Hopewell Mound 11: Yet Another Look at an Old Collection (with Frank L. Cowan). Hopewell Archaeology: The Newsletter of Hopewell Archaeology in the Ohio River Valley, 5(2) :7-11.

Report on the 2002 Excavations at the Great Circle, High Bank Works. Submitted to Hopewell Culture National Historical Park and the Midwest Archaeological Center, 30 May 2003.

Chronological Relationships Among Ohio Hopewell Sites: Few Dates and Much Complexity. In Theory, Method, and Practice in Modern Archaeology edited by Robert J. Jeske and Douglas K. Charles, pp 88-113. Praeger Publishers, Westport Conn and London, England, 2003.

The Edwin Harness Big House. In Ohio Archaeology by Bradley T. Lepper, pp 132-134. Orange Frazer Press, Wilmington, Ohio, 2005.

Adena and Hopewell in the Middle Ohio Valley: to be or not to be. In The Good Servant and the Bad Master: Woodland Period Systematics in the Middle Ohio Valley edited by Robert Mainfort and Darlene Applegate, 19-39. University of Alabama Press, 2005.

The 2004 Field Season at High Bank Works, Ross County, Ohio. Hopewell Archaeology: The Newsletter of Hopewell Archaeology in the Ohio River Valley. 6(2) March 2005.

Report to Hopewell Culture National Historical Park on 2005 Field Work at the High Bank Works. Submitted to Hopewell Culture National Historical Park 31 August 2005.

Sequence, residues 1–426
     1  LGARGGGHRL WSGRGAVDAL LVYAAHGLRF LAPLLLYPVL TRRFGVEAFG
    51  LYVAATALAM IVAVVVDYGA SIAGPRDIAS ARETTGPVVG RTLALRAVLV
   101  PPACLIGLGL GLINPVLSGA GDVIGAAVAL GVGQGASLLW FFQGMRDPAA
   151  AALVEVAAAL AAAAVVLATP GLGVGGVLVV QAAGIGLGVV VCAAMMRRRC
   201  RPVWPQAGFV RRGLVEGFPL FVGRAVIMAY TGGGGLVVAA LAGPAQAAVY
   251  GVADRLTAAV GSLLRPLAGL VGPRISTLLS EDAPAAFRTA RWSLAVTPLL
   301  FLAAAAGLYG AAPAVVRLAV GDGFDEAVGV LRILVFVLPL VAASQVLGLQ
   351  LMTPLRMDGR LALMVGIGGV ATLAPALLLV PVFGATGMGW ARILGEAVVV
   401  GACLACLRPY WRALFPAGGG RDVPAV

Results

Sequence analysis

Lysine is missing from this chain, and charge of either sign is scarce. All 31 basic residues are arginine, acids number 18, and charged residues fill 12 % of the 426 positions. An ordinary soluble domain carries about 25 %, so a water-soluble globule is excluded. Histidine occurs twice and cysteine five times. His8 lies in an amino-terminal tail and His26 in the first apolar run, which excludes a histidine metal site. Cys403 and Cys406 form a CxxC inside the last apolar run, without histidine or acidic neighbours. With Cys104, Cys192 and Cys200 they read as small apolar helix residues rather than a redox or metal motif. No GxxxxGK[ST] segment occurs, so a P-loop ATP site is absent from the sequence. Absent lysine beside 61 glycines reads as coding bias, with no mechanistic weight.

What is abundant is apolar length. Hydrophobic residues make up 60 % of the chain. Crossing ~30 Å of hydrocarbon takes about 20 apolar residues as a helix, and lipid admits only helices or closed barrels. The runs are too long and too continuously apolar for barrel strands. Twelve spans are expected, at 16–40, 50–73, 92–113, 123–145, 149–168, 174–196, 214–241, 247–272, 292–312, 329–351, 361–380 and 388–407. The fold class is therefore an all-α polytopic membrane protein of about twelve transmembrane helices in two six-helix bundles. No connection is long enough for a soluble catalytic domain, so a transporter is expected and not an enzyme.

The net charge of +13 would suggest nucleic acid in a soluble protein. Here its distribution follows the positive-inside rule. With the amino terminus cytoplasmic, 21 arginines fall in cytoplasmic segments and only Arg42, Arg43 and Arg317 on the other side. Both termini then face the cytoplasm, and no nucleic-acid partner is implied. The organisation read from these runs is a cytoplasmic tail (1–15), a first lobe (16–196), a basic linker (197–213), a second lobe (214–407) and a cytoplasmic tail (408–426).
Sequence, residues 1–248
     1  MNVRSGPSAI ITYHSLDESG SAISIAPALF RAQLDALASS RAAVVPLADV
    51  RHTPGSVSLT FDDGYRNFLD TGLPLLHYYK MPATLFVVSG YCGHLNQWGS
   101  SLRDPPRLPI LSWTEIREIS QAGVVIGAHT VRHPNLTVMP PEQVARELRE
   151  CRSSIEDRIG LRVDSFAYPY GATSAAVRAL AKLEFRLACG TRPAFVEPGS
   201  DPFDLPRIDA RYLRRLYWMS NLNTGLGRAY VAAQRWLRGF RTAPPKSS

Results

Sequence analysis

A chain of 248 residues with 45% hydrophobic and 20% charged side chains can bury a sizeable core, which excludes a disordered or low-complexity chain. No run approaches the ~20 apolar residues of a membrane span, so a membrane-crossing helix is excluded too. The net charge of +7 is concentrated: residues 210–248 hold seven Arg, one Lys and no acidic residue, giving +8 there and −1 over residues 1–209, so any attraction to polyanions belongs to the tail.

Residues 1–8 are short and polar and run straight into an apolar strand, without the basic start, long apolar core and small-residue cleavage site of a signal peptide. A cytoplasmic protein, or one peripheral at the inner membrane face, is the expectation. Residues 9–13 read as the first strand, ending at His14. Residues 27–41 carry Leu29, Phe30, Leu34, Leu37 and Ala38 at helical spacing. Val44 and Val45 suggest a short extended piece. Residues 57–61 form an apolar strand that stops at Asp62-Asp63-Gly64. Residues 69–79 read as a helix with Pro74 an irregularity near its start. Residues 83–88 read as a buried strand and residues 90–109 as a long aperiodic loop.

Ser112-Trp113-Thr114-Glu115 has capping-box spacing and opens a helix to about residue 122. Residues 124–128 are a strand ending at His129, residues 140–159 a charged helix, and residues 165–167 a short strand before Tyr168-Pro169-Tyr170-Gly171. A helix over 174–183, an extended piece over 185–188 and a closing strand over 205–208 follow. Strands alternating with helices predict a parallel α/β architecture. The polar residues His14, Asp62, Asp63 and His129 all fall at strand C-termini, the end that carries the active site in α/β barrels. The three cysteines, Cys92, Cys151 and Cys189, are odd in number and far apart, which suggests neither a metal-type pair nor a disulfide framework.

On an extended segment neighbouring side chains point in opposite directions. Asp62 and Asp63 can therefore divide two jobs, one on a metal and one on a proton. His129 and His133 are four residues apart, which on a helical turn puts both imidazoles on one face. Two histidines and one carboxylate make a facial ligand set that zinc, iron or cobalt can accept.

Enclosures and Communities in Ohio Hopewell: An Essay. In Recreating Hopewell edited by
Douglas Charles and Jane Buikstra pp 74-105. University of Florida Press, 2006.

Report to Hopewell Culture National Park on 2006 Field Work at the High Bank Works. Submitted to Hopewell Culture National Historical Park. 31 August 2006.

A Study of Possible Effect of the Proposed OH-Newark Country Club Tower on Astronomical Studies of the Newark Earthworks. (With Robert Horn) Submitted to Environmental Resources Management, Solon, Ohio 2 March 2006.

Preliminary Report to Hopewell Culture National Historical Park on 2007 Field Work at the High Bank Works. Archaeological Research Report 152, Cleveland Museum of Natural History. Submitted to Hopewell Culture National Historical Park August 2007.

The 2008 Field Season at the High Bank Earthworks (33Ro60) Ross County, Ohio. Archaeological Research Report 157, Cleveland Museum of Natural History. Submitted to Hopewell Culture National Historical Park and the Midwest Archeological Center. Sept 2009.

Re-interpretation of a Group of Hopewell Low Mounds and Structures, Seip Earthworks, Ross County, Ohio. Guest Editor and contributor for the issue, Midcontinental Journal of Archaeology, 34(1)5-186. 2009.

Stratigraphy and Chronology in the 1971-1977 Ohio Historical Society Field Data. Midcontinental Journal of Archaeology 34(1)19-52.

Final Data and Summary Comments. Midcontinental Journal of Archaeology 34(1)171-186.